Wednesday, February 24, 2010

From the archives: 2003 hunger strike in Cuba

Hunger strike begins in Cuba
Dissidents seeking release of hundreds of political prisoners
TRACEY EATON Cuba Bureau
The Dallas Morning News

Published: March 12, 2003

Dissidents across Cuba began an unprecedented hunger strike and fasting campaign Tuesday, demanding the release of hundreds of political prisoners.

"We're doing this so the world knows about the terrible human rights violations that go on here," said Nelson Aguilar, 57, who vowed to give up food for "as long as God allows."

In all, about 500 members of the political opposition will fast in the coming weeks, refusing food for eight to 12 hours at a time, organizers said. Six, including three of Cuba's best-known dissidents, vowed to stop eating solid food entirely.

"We'll consume liquids and that's it," said Martha Beatriz Roque, a leader of the island's political opposition. Only chicken broth, fruit juice and yogurt will be permitted, she said.

Authorities had no immediate comment. One official questioned whether the dissidents would follow through on their strike. "By tonight, they'll be eating food when no one's looking," he predicted.

Ms. Beatriz Roque denied such claims and said witnesses and doctors would monitor the strike.

She and three other dissidents - Vladimiro Roca, Felix Bonne and René Gómez - were arrested July 16, 1997, after publishing a document called "The Fatherland Belongs to All of Us." It criticized Cuba's one-party system and called for reforms.

The dissidents drew international attention and became known as "The Group of Four." The government convicted all of sedition and related crimes.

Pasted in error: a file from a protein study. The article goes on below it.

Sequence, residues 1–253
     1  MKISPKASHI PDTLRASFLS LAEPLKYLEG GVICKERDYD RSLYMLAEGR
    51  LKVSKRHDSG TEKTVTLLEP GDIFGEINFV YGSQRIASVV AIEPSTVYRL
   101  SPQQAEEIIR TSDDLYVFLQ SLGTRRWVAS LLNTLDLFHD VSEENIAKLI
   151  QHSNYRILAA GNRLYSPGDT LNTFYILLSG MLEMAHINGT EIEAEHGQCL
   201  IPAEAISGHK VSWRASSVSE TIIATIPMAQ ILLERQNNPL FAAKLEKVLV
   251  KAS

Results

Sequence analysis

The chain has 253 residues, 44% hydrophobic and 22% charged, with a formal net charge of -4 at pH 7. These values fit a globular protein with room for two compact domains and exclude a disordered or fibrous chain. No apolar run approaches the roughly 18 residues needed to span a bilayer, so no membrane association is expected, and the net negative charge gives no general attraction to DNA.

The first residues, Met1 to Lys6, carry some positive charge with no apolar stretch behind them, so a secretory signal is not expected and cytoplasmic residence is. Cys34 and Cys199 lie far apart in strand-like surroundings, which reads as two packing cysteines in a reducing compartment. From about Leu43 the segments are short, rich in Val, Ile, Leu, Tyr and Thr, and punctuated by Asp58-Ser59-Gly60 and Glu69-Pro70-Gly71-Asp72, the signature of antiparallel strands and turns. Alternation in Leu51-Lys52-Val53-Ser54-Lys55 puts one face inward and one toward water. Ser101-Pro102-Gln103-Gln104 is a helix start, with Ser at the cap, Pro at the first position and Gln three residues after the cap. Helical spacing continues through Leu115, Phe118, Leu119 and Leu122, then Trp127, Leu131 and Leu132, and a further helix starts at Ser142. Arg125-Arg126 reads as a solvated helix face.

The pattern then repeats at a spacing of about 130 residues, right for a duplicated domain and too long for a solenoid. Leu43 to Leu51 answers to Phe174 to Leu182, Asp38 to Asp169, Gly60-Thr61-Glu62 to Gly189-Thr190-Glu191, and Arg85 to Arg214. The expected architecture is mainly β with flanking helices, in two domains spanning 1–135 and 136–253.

Ms. Beatriz Roque, Mr. Bonne and Mr. Gómez were released in May 2000. All three are participating in the hunger strike. Mr. Roca was released later and isn't taking part, but he remains active in the dissident cause.

Hunger strikes are unusual in Cuba, where political dissent is taboo. And carrying out such a protest in public - a common tactic elsewhere in Latin America - is unheard of on the island.

That's because police and neighborhood watch groups loyal to Fidel Castro are everywhere, said Mr. Aguilar, 63, an electronics technician and father of two.

"The government does everything possible to prevent people from knowing about us," he said. "They know people are desperate. And a single spark could ignite a big fire. That's what they want to avoid."

Mr. Gómez, 59, a lawyer, said he hopes the protest will lead to the release of fellow dissident Oscar Elias Biscet, who has been jailed nearly 30 times for his anti-government activities.

Mr. Biscet, a physician, had just been released from jail in December when, 36 days later, he was captured on a new charge after participating in a peaceful anti-government protest.

"He hasn't committed a crime. He's innocent - like all political prisoners," said his wife, Elsa Morejón.

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